Totes for baby chick housing

Discussion in 'Raising Baby Chicks' started by jenn22712, Mar 2, 2017.

  1. jenn22712

    jenn22712 Out Of The Brooder

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    I have heard many saying 50/55 gal totes work well for raising chicks until outside ready. I'm wondering how many chicks can be housed per tote? I have 26 std chicks coming and I'm exploring my brooder options.
     
  2. oldhenlikesdogs

    oldhenlikesdogs Lots of Chickens Premium Member

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    That many chicks will outgrow totes pretty quickly. I start mine in a homemade wooden brooder box, than move them to a floor pen after about two weeks so they have more room and I can add perches. I brood in a shed. I also brood when it's warmer here so that by two weeks of age they are outside during the day in a movable pen.

    Chicks start to get mentally bored at about the two week mark and need more room or they will start pecking. It happens again at about 6-10 weeks. So be prepared to move up the sizes of your brooder or pens.

    Sorry I know I didn't answer your question about the totes, I haven't used them so hopefully someone with experience with them will help out.
     
  3. jstanard

    jstanard Just Hatched

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    Hello! Lots of folks have been quite creative with large dog crates! Lots of great ideas on this site. I made a brooder out of a RubberMaid bin, biggest I could find, and I am going to trick out my extra dog crate as a second step before the outdoor teenager coop[​IMG]
     
  4. azygous

    azygous Chicken Obsessed

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    With that many chicks, you, and the chicks, would be far better off brooding right inside your coop or run, provided it's covered and weather protected.

    Those of us who have brooded indoors will tell you that by the end of the first week, those chicks can be real stinkers, literally. And twenty-six chicks are going to drive you right into a motel to get away from it.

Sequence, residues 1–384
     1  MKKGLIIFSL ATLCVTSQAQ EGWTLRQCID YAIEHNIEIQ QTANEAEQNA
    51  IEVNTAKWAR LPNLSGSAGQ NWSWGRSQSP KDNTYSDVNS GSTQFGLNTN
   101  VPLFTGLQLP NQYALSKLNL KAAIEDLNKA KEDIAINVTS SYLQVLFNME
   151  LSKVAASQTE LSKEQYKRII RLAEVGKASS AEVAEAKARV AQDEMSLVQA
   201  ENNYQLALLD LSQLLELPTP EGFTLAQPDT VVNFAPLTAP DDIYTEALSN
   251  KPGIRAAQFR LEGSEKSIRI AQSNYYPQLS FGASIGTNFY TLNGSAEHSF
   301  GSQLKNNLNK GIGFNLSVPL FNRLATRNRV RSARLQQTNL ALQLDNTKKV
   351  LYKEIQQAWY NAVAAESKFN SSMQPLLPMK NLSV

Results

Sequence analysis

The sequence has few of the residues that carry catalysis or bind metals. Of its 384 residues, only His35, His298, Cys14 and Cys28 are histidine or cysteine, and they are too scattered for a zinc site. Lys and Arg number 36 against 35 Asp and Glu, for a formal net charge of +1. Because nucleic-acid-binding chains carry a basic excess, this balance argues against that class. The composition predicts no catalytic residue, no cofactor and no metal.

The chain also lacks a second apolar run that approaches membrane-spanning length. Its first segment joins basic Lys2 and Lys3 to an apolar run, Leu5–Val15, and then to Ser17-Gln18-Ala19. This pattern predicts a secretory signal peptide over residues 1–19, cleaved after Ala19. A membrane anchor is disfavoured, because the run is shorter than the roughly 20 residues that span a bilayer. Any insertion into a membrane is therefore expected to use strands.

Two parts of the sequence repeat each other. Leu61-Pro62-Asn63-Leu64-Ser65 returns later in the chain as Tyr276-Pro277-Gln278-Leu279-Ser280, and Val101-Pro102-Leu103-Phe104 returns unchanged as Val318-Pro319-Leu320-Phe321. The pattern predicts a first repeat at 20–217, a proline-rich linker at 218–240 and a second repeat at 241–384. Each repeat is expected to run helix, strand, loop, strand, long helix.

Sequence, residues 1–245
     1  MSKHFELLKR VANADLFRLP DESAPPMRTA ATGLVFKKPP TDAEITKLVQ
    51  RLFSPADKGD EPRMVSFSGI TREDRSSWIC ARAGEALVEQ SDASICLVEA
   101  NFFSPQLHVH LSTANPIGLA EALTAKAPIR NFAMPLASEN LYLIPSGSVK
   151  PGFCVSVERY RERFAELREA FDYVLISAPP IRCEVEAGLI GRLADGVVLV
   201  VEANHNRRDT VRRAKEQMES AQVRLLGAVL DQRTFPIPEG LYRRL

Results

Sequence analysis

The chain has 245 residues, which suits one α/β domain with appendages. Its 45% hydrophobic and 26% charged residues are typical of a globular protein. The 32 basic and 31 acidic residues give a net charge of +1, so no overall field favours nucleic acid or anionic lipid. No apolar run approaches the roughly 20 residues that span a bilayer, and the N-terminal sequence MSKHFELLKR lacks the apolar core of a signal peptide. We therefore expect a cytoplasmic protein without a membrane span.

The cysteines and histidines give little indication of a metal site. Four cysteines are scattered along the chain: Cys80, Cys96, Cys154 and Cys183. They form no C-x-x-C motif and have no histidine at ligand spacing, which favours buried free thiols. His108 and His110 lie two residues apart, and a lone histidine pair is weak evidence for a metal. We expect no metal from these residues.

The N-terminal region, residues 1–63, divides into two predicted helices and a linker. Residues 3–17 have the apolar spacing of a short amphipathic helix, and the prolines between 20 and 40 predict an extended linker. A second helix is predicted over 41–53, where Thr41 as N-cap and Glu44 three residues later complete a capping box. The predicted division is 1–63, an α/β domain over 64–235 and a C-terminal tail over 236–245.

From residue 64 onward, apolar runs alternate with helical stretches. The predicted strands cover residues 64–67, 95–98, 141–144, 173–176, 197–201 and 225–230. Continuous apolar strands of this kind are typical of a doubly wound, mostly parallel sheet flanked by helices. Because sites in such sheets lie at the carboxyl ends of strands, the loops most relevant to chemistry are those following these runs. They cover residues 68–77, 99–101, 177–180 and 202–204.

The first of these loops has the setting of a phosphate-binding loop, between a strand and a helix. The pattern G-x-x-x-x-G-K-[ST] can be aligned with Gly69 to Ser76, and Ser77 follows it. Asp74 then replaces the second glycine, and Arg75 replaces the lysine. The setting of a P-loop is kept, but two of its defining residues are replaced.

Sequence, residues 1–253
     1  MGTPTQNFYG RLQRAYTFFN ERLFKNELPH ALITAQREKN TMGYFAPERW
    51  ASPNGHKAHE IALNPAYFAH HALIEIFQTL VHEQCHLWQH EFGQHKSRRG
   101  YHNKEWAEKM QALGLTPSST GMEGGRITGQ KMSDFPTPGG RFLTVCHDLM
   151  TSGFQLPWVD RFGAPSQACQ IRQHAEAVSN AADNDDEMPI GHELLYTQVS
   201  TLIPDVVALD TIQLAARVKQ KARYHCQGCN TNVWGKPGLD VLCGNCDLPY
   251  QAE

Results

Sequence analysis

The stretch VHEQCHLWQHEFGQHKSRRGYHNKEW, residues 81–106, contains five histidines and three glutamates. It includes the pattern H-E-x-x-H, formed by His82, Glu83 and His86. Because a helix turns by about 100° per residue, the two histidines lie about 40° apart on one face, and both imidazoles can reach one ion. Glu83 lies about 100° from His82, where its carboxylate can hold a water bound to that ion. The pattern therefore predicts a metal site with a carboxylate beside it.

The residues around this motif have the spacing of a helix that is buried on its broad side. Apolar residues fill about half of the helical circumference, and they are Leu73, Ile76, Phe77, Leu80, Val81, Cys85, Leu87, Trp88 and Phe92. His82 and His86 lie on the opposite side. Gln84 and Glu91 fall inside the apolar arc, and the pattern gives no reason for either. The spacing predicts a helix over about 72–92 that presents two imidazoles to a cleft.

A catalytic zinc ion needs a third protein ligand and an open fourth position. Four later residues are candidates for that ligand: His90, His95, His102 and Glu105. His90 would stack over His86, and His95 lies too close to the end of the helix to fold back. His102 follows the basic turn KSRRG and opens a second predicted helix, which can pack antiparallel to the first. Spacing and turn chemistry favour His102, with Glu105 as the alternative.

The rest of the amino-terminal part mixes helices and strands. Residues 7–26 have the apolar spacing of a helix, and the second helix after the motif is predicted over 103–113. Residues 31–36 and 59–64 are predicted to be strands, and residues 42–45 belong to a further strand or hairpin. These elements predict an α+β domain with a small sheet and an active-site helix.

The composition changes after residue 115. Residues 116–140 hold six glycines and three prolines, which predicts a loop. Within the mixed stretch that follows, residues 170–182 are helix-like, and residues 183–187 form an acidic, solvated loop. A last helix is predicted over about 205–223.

By age four weeks, your chicks will need to be out in the coop anyway, so why not start them out there? Chicks can be brooded anywhere as long as they're protected from wet weather and cold drafts and have a reliable heat source. They do not need to be in a temperature controlled environment. As long as they have a place to warm up as they lose body heat, the rest of their space can be any temperature.

    Chicks benefit far more from being raised in cool ambient temps than when they are coddled by an overly warm environment. My chicks brood in my run under temps down in the 30s at night and in the 50s(F) during the day. They do splendidly.

    Read about it in my article on outdoor brooding linked below.
     
  5. lazy gardener

    lazy gardener True BYC Addict

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    Last edited: Mar 2, 2017
  6. jenn22712

    jenn22712 Out Of The Brooder

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    So 26 chicks can be brooded in a covered run and coop from day one? Would they need supplemental heat or would the coop and each other keep them warm enough? I'm in va and we have been on the 60-79's day and 30-40's. Night.
    If they indeed do need a heat source id rather brood inside a few weeks first as I don't trust any heat source running 24/7 outdoors away from supervision.
     
    Last edited: Mar 2, 2017
  7. Pork Pie Ken

    Pork Pie Ken Monkey Business Premium Member

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    As mentioned by Azygous, yes the chicks will need supplemental heat. The link provides all the necessary information as to how to set things up and the source of heat is significantly safer than bulbs.
     
  8. oldhenlikesdogs

    oldhenlikesdogs Lots of Chickens Premium Member

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    I brood in a safe shed until they no longer need heat, than move to the coop between 4-8 weeks depending on the outside temperatures. Heat is necessary no matter where you brood for the first few weeks.

    You may have troubles with 26 chicks using a heat pad. For that many I highly recommend a heat lamp with a 125 watt bulb, but many will insist on the heat pads.
     
  9. lazy gardener

    lazy gardener True BYC Addict

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    As long as your electricity is provided safely, using it outdoors is safer than using it in your house. If it should malfunction in either place... better to have loss of coop than loss of your life and home.
     
  10. snow5164

    snow5164 Chillin' With My Peeps

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    I have 21 right now and no plastic tote would
    Be enough room ! We had to do the heating pad cave and a brinsea "20" chick heater with a towel connecting them to keep them all warm.two feeders , two waters because they shouldn't have to fight to get to the food /water.
    I'd start outside if you can , fence them off in a corner of the coop but give them room!!

    21 for me has been a bit overwhelming, looking for pasty butt became a part time job and you are really out numbered[​IMG][​IMG][​IMG][​IMG]
     

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